The Hill Canyon trail can be completed in 3, 4, or 5 mile out and back hikes. Today I will describe the 4 mile hike. There are numerous connector trails along the way as you hike Hill Canyon. The four mile hike connects briefly with the Hawk Canyon Trail. I like to take this route because you spend most of the time near the Arroyo Conejo Creek. I have hiked this trail to Paradise Falls in Wildwood, a 10 mile loop. The great thing about this trail system is that you can customize your hike to suit your needs.
The trail is a fairly wide and will occasionally narrow to a single track. The trail occasionally offers shade though it is mostly exposed to the sun. Just around the bend you will come upon your first sight of the Arroyo Conejo Creek.
The Arroyo Conejo Creek will be to your left side as you follow the trail. Arroyo Conejo (Spanish for “Rabbit Creek”) is the longest creek in the Conejo Valley. It travels through the cities of Camarillo, Newbury Park, Thousand Oaks and Santa Rosa Valley. It covers 43 square miles in the Conejo Valley and 14 miles in Santa Rosa Valley. The creek originates in the Conejo Hills and eventually travels through an estuary at Mugu Lagoon into the Pacific Ocean. It is the primary drainage for the City of Thousand Oaks.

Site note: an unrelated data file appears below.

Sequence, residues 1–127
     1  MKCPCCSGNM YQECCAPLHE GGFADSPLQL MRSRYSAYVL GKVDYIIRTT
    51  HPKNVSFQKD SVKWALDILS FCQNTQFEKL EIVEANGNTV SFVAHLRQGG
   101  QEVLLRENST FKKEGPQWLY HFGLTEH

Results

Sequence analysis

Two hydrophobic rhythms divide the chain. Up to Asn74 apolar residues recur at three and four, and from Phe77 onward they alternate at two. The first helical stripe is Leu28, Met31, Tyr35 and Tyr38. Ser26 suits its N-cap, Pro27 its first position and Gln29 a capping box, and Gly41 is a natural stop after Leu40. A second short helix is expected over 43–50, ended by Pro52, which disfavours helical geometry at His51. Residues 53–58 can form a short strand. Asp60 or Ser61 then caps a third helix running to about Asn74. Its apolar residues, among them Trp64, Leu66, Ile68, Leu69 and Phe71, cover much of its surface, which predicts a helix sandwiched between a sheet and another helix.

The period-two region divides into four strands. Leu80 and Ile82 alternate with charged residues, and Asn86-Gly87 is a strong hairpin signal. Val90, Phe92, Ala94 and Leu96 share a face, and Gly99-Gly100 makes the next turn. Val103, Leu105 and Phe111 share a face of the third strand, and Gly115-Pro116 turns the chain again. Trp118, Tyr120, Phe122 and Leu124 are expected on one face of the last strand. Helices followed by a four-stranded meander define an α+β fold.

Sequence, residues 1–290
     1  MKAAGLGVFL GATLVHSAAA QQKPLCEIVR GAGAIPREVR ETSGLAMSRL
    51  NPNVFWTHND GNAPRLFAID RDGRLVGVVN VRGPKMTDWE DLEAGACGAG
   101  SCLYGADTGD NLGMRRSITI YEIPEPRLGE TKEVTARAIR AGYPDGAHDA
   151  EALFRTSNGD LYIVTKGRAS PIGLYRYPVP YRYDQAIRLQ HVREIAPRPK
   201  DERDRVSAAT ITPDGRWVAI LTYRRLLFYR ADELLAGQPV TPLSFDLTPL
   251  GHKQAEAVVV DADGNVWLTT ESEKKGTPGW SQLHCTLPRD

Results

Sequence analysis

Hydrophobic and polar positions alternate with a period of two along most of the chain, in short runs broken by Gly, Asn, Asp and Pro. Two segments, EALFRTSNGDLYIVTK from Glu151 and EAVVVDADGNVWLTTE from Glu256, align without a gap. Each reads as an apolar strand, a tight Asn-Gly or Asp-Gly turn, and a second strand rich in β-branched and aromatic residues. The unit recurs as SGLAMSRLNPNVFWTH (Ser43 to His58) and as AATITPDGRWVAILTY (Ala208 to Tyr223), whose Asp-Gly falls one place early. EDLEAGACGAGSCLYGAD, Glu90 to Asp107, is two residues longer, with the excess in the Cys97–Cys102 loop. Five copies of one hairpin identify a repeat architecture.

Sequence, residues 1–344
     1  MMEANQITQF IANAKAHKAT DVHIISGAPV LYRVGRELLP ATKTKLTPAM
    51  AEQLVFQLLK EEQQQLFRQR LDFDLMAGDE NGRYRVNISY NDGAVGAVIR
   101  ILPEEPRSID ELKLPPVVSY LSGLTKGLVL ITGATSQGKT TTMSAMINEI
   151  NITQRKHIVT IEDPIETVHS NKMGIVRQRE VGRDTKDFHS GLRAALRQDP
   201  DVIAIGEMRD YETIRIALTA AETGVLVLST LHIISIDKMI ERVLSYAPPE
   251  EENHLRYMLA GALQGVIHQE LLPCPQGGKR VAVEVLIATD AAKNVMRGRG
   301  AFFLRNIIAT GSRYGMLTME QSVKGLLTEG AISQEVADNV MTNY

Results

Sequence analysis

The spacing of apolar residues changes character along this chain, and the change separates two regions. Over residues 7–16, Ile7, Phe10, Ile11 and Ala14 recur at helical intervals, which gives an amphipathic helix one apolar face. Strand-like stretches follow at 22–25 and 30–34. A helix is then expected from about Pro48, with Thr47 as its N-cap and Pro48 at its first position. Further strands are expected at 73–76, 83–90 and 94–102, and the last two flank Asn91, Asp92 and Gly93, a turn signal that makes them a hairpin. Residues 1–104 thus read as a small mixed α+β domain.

I have seen deer drinking from the creek. There is an occasional duck sighting. You will also see fairly large fish who hide under the shadows of the trees. In 2013, the protected Steelhead Trout was found in the creek. Other fish species include the Brown Bullhead, Green Sunfish, Bluntnose Minnow and the Mosquito Fish.
To the left of the trail you will be treated to nice view of the Mount Clef Ridge and it’s volcanic outcroppings. As you walk further along the trail, you will see grassy trails leading off to the left. This side trails are guaranteed to lead you to the creek. In some areas the creek is deep enough to swim in. There is a lot of poison oak to be found on the side trails to the creek.
At about the one mile mark Hill Canyon trail will veer left into a wooded oak grove. Again, you will find lots of poison oak. There is a picnic table here near the trail and lots of interesting vegetation.
Travel a little further along the trail and you will come to another left hand turn. This will lead you to a small silt barrier. If you cross the creek here you will find yourself on the fire road which leads to the water treatment plant.
You will run into lots of interesting vegetation on this hike. Many, I have learned, are poisonous. And hallucinogenic, but still, poisonous.
You leave “the dam” and go back towards Hill Canyon Trail and continue on to Hawk Canyon Trail.
Hawk Canyon adds about another mile to this hike. It is optional. If you head toward the Western Plateau you will begin to experience a significant elevation gain.
Well there you have it. An easily accessible, thoroughly enjoyable and entirely memorable hike in our own back yard. I hope you take the time to enjoy this gift of a trail. I’m off in search of the next adventure. I’ll head a little further south this time to Malibu Creek State Park, home of the M*A*S*H* site.